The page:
In an attempt to shrug away any copyright infringement charges that may be in the making, the virtual pinboard site, Pinterest, has made available a line of code that will enable concerned sites to opt-out from being featured on the site.
The site came under scrutiny earlier in the month after it had refused to disclose its potential monetisation efforts and allegedly pocketed revenues by messing around with the links included in the user posts on the site, known as ‘pins'.
The site also made it clear that from now on, in order to share any images using Pinterest, the user must be having the ownership of those images, or at least manage permission from the original owner of the image.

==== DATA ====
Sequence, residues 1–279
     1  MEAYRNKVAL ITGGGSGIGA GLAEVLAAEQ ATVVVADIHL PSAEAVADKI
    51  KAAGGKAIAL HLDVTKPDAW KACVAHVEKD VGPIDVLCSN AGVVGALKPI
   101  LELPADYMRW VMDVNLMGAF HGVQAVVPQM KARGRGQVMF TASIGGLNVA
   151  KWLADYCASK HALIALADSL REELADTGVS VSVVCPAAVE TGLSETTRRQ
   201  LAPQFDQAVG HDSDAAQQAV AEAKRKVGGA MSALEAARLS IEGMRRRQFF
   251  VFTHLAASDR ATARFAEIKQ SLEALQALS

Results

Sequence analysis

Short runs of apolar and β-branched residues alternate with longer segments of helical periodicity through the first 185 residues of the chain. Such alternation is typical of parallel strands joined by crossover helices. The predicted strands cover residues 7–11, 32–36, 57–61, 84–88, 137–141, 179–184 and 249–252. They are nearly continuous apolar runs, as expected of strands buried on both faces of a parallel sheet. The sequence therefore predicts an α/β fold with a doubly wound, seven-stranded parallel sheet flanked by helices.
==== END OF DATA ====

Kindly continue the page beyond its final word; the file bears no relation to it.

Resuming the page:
Meanwhile, Pinterest is also reportedly planning to enforce a 500 character max limit for captions associated with individual pins - a move that experts believe has been aimed at reducing the stealing of excerpts from others' blog posts.
"We care about respecting the rights of copyright holders," said Ben Silbermann, Pinterest co-founder. He further added that the company works hard "to follow the [Digital Millennium Copyright Act] DMCA procedure for acting quickly when we receive notices of claimed copyright infringement."
Still in its invitation-only phase, Pinterest is no doubt climbing the ladder at a steady pace in terms of mass-appeal. Its user base increased almost exponentially in the past few months and now it boasts over 11 million users in the US alone.